Did you have the same experience as me in elementary science class? Where the teacher talked about the infiniteness of space, and your tiny elementary school brain attempted to wrap your head around the concept of “infinity”? And then trying to imagine the ends of the universe filled you with such a sense of dread and uncertainty that, to this day, you’re not quite sure if it’s the actual danger of space or the impossible thought of there being no end in space that actually terrifies you of space?
Was that anything like your experience? Or was that just me?
Well anyway, this week Amy and I are moving to the East Coast! (New Hampshire to be precise.) Me being born and raised in Maine, and Amy being born in Massachusetts, this is a bit of a homecoming for the two of us.
And just as thinking about the ends (or lack thereof) of space still makes my brain hurt, so has this entire process of moving both our lives and our business across the country. So, here are some things that no one ever tells you about moving a business across the country (Yes, the Paper Boy is back to his list-making ways).
No matter how early you start, it’s never early enough.
Whether it's hiring movers, looking at warehouse spaces, finding registered agents, or even just selling some of your stuff, it's never too early to start. And no matter how early you start, it won't be early enough.
Your moving company will not understand your specific business jargon. (Do I even understand our business jargon?)
What even is an envelope box??? I've explained to three different people at our moving company what I mean when I say "envelope box," but we still have at least three different boxes in the warehouse that are all referred to as "envelope boxes." The smallest boxes that hold our specialty envelopes, the small-ish boxes that hold bundles of our regular envelopes, the larger boxes that those boxes are shipped in... There's no end to it.
Paper weighs a lot.
There’s a logic game to this somewhere. As a stationery brand, handling small batches of cards at a time, you get lulled into a sense of “paper ain’t heavy.” But, let me tell you: paper is heavy.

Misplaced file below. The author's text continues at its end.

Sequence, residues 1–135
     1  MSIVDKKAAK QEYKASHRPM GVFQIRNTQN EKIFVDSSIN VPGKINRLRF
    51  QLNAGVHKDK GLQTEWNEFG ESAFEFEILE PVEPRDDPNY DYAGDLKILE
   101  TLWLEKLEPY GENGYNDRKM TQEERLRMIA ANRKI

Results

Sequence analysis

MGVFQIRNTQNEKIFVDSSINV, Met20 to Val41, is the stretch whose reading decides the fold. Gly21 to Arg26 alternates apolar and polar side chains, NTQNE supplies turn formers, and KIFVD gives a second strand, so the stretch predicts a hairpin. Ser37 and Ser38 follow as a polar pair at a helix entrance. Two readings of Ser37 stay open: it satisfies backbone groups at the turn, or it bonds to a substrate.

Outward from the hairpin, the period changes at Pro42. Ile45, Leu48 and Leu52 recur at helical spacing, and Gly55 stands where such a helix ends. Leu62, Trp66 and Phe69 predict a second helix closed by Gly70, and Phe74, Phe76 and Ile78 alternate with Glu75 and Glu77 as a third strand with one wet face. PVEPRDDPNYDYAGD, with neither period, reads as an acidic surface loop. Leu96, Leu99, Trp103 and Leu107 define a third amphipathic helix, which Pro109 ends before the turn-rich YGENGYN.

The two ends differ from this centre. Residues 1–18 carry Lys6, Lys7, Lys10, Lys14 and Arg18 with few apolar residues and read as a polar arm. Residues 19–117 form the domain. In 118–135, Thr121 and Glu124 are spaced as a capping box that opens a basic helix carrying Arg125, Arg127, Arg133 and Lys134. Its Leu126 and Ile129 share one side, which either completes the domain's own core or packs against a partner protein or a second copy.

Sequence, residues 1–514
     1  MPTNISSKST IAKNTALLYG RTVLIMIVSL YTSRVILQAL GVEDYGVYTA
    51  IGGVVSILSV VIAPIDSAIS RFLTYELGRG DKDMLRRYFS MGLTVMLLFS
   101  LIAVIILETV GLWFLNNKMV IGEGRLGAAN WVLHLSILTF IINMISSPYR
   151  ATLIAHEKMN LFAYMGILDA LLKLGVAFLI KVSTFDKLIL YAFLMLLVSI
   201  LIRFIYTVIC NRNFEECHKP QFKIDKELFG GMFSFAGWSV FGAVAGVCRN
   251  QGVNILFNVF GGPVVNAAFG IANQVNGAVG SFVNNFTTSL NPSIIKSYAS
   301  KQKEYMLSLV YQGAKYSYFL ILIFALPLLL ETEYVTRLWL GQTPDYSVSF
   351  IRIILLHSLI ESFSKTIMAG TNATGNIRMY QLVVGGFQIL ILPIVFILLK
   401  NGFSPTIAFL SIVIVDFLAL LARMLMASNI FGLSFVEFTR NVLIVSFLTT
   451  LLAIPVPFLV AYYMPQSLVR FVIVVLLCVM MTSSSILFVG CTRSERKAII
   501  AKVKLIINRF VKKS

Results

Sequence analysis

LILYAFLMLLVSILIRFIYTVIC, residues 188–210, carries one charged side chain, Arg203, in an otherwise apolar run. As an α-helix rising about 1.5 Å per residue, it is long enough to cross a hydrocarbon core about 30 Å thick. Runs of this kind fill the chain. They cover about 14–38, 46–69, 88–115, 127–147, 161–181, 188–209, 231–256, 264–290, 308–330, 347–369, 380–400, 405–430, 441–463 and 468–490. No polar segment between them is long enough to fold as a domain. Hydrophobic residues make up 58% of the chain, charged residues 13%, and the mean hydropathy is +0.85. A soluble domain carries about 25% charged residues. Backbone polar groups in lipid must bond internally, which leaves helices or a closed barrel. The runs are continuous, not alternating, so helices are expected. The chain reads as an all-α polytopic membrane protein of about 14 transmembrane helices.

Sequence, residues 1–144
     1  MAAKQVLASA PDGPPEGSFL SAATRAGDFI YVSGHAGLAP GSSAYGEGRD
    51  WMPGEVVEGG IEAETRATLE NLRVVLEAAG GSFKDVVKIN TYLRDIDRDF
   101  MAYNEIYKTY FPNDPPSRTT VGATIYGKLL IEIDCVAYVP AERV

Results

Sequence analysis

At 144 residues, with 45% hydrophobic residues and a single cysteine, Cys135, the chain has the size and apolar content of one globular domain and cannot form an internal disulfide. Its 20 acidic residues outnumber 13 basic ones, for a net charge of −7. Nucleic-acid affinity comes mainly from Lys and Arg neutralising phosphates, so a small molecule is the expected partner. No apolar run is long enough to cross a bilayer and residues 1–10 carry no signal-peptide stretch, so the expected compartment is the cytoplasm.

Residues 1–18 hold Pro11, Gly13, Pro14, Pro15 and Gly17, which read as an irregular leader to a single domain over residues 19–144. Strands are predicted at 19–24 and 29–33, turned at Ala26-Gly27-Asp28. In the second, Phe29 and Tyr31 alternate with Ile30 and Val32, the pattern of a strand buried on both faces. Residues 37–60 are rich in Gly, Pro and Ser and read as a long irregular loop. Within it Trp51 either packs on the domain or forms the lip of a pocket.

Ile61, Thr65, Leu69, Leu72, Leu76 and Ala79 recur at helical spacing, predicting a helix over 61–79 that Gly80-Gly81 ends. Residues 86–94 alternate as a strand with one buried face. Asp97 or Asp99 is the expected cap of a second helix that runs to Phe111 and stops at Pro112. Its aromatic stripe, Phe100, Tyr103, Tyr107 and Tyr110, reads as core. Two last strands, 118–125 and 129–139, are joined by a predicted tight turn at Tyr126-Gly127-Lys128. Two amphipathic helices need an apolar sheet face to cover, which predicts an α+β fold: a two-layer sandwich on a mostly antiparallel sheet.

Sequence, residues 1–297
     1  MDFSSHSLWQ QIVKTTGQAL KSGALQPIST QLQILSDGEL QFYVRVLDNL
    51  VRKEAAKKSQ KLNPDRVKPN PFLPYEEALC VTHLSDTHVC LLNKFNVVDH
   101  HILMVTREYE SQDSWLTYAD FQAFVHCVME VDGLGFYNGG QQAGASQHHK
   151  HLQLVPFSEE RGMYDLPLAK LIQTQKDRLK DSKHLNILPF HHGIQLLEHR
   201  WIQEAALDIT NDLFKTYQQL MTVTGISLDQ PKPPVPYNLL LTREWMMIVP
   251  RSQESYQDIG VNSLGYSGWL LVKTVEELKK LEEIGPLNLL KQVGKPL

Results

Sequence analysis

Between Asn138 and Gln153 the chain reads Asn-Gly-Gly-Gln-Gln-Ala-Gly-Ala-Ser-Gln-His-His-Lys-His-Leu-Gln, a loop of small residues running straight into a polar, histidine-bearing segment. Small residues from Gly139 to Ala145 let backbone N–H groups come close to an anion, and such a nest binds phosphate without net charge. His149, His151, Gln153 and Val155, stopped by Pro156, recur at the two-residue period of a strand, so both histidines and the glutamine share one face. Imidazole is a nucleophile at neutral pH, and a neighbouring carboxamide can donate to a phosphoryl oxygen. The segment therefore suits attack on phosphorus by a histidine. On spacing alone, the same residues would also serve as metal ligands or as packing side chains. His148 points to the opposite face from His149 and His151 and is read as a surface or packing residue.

Men’s clothes are made up of a lot of fabric.
Bucket this one under the “personal” side of moving. Whenever Amy and I pack, I bring what I consider to be a sparse stack of clothes (save for the one trip where I brought 12 shirts). It’s no more or no less than the amount that Amy brings into the room, but when we put our piles of clothes together, one single pair of my pants takes up as much space as literally all of her shirts, pants, and toiletries.
It is REALLY difficult to find the right commercial lease.
We started this entire moving process because Amy is obsessed with old mills with huge windows, and wanted to find a space like that to use as our new warehouse. Over the last half year, we went from enthusing over how many amazing converted mills were available, to not ever hearing back from the listing agents, to expanding our search to office buildings with dingy carpets, to not hearing back from those listing agents either, to even, at one point, considering an expensive "retail space" that was mocked up as an ATM vestibule and had bars on the windows. We probably wouldn't have heard back from them, either. Luckily, we& stumbled into what truly feels like a perfect next space for the business — and it only took, like, seven or eight tries! Persistence is key.
And finally, along those lines, a last little piece of advice (or maybe just another reminder for myself and Amy) — don’t get tunnel vision.
Sure, that warehouse space you saw might look like the perfect workspace, but outside of that warehouse is there anything about the town you’re moving to that excites you? Have there been zero beheadings in the last decade in said town? If the answer is no, then you might want to take a step back and ask yourself if this is the move you want to make.